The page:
I am pretty cynical in that I don’t expect my current government to live up to my expectations of what they should be doing in regards to the environment. (Hey, they don’t live up to our expectations for the NHS so…) While I believe it’s equally up to you and me, the private sector, and our governments to make a change, I think the public have to force it in countries where the environment isn’t a priority.

What does that mean? It sounds like a lot of legwork, right? Maybe it is. And let’s be honest, we’re all so busy that we need things to be made easier for us. So, that’s where I can help. Below, I’ve got a list of a few plastic-free alternatives and some blogs I’ve found really helpful for reducing my plastic consumption.

You don’t have to make all these changes overnight. Do whatever works best for you and your life; small changes are better than no changes.

 

Plastic-free alternatives

When I first decided to reduce my plastic consumption I felt overwhelmed. So many things contain plastic, how do I start to replace those things? And what should I start with? I don’t suggest throwing everything plastic out at once; start slowly and replace things when they break.

The links below are either things I’ve used and recommend, or things I am looking to buy when I replace something.

  • Wooden toothbrushes look so much cooler than plastic toothbrushes
  • Travel mugs and water bottles instead of plastic bottles and takeaway cups
  • Wooden cutlery instead of plastic cutlery
  • Instead of disposal straws, try out glass, stainless steel, or wood
  • Metal or glass tupperware instead of plastic
  • Fabric produce bags for buying loose produce
  • Quit shaving your legs with plastic, and get a snazzy safety razor
  • Switch to wooden dish brushes
  • Avoid plastic microbeads in cosmetics – they have been banned in the UK for “rinse off” cosmetics like toothpaste and face scrub, but not “leave-on” products like makeup or sunscreen, which seems odd because that’s going to get washed off too…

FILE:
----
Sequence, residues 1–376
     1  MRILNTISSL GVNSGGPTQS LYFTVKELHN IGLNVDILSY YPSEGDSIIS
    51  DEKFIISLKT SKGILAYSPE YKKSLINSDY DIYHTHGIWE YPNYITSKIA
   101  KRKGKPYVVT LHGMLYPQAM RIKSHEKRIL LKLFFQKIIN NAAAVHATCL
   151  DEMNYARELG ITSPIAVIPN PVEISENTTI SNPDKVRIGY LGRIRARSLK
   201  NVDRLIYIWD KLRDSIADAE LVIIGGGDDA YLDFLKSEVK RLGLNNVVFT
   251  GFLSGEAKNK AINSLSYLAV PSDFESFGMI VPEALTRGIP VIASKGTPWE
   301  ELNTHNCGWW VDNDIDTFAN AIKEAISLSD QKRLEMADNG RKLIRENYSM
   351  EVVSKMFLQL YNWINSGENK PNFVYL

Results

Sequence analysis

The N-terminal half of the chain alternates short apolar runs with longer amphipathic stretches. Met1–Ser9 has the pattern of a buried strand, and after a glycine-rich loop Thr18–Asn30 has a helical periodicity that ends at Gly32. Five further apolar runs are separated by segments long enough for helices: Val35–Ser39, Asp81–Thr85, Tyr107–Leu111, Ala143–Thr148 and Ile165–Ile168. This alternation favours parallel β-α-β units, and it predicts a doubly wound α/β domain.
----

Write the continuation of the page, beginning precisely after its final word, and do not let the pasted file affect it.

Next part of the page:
Extra reading

If you want to read up some more, here are a few things I found really interesting while researching this blog post & things I’ve read recently

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Fruit and veg stall - zero waste

Over the past few months, I’ve been trying hard to reduce my waste significantly and move towards zero waste.

I have always strived to recycle and thought I was pretty good at living fairly sustainably. The more I learn about zero waste and being sustainable, the more I realise there’s still a lot more I can do. Daz and I certainly don’t have a zero waste household, we are slowly reducing the amount of rubbish we send to landfill though. Moving house created a whole load of rubbish and we did donate or sell whatever we could, and only send to landfill what we had to.

Rubbish and waste is something we all have in our homes and trying to reduce it can seem really daunting. We’ve been trying to move towards zero waste for a few months now, so I wanted to share some of the biggest things we’ve learned.

 

What is zero waste?

If this is the first time you’ve heard of zero waste, here’s a brief introduction for you. The basic idea is that you produce no waste. Nothing in your refuse bin. Nothing. Nada. Zero waste is bigger than not producing waste though, it’s about buying products and food with less packaging, reducing the amount of plastic and waste you bring into your home, buying more thoughtfully and so much more.

 

What our zero waste journey has taught us so far

Over the past few months we have noticed a decrease in how full our refuse bin is come collection day. Up here in Edinburgh, in addition to a general waste bin and recycling bin, they also have food waste caddys and a glass recycling box. That means our recycling bin is pretty much plastic, paper, and cans. And boy, is there a lot of plastic. Too much plastic. 

 

Packaging – y u no use eco-friendly packaging?

My biggest recycling peeve is packaging. I think Daz kind of dreads going shopping with me because I go off on a rant every time I see “not currently recyclable” on packaging. There are so many recyclable and biodegradable packaging options that I cannot comprehend why a manufacturer would choose to use something that isn’t recyclable. Actually, I can; I suspect it’s to do with money.